Sofia University Professor Georgi Bliznashki: Bulgaria's Society Undergoes Moral Revolution
Interview of Novinite.com and Novinite.bg with Georgi Bliznashki, Professor of Constitutional Law at Sofia University, the oldest and biggest higher education facility in Bulgaria.
In recent weeks, Bulgaria’s capital Sofia has witnessed a series of student protests and the occupation of university buildings that have injected new life into a persistent anti-government movement.
We talked with Prof. Bliznashki as protesting students still refuse to lift Sofia University full blockade.
You are one of Sofia University professors, who has openly spoken in support of the students protests. What is your motivation for this stance? What are your arguments?
I believe it is the most natural thing for a university professor to side with his students when they are protesting and lead a battle for the restoration of true values in our society. In fact Sofia University blockade started just as I challenged the ruling of the Constitutional Court on Delyan Peevski. With their actions, the students supported my protest. It is the mission and obligation of the Constitutional Court to protect and defend Bulgaria's Constitution. We must not stay indifferent when this court deliberately tramples the constitution and wants to get away unpunished.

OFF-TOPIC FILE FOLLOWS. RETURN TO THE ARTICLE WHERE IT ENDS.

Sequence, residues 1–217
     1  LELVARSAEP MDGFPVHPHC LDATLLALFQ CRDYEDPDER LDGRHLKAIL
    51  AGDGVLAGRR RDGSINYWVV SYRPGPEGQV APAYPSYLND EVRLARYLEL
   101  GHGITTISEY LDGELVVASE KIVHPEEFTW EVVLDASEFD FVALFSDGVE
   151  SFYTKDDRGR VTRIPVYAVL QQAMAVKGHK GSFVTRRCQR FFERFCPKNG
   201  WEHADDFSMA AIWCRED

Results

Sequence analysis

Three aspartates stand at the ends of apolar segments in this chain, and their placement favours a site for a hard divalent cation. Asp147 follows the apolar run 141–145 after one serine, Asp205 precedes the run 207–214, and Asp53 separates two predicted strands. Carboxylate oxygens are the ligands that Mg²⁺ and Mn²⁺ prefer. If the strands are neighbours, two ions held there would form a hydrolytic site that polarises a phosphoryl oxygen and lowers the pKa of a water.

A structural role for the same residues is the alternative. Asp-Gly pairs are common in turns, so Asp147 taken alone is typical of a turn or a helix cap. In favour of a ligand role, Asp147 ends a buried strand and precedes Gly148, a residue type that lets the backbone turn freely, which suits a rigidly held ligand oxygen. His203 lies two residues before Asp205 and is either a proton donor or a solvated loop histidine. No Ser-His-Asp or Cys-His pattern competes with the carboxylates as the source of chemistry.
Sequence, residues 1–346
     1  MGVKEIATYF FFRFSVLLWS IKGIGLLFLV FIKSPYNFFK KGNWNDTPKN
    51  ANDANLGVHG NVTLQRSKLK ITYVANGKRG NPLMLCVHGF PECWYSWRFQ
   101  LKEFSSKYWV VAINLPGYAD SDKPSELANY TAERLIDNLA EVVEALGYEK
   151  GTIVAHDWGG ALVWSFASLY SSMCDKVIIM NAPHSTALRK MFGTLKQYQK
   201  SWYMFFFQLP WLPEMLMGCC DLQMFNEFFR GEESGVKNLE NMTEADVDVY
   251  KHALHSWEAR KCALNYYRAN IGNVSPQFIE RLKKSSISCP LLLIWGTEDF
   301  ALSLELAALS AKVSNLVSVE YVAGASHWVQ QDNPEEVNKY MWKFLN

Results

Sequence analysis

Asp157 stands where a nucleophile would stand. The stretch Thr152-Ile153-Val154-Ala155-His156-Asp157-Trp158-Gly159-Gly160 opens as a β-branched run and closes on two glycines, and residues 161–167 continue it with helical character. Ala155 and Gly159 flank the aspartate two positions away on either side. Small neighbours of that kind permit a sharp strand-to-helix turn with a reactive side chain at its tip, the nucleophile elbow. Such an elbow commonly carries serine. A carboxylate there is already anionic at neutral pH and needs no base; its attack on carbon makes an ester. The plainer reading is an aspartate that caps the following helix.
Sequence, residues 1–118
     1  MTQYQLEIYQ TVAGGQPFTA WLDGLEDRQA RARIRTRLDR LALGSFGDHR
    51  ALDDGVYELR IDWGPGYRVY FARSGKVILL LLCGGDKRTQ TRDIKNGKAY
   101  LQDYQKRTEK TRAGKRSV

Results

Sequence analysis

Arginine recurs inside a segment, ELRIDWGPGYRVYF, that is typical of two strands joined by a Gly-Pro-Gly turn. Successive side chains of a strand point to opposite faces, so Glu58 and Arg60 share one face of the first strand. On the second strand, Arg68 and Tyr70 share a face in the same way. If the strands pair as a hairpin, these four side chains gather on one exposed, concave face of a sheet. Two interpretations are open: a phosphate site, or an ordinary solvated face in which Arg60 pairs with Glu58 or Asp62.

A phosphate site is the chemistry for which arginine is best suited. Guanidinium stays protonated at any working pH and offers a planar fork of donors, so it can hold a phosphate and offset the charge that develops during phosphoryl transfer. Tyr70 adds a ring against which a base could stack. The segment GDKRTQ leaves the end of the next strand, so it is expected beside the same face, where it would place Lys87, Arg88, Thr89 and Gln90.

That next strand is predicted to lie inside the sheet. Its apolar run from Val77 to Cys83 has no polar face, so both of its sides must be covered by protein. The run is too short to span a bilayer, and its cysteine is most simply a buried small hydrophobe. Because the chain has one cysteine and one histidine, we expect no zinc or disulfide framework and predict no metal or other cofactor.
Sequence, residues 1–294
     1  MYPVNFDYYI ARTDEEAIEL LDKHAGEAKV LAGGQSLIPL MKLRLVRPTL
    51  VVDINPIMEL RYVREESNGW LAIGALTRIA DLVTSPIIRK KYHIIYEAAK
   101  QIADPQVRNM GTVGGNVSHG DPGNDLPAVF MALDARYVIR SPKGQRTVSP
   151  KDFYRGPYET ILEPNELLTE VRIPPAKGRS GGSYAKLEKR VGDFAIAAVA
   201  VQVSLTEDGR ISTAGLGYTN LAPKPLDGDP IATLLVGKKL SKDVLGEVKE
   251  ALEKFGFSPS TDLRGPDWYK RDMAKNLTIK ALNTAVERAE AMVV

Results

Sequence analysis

When do you expect Sofia University blockade to be lifted? What should happen for this to happen?
I sincerely hope that the blockade will be lifted soon since it already achieved its goals – stirring the Bulgarian society out of its passivity and fueling new life into the anti-governmental protests, which have been going on for more than 150 days already. It is up to the students to decide how to proceed from now on, but I am afraid that the protests will take on new forms should the government refuse to resign.
What do you think about universities occupation as a type of protest? Is this the most appropriate way for young people to show their opposition to the current political and social order?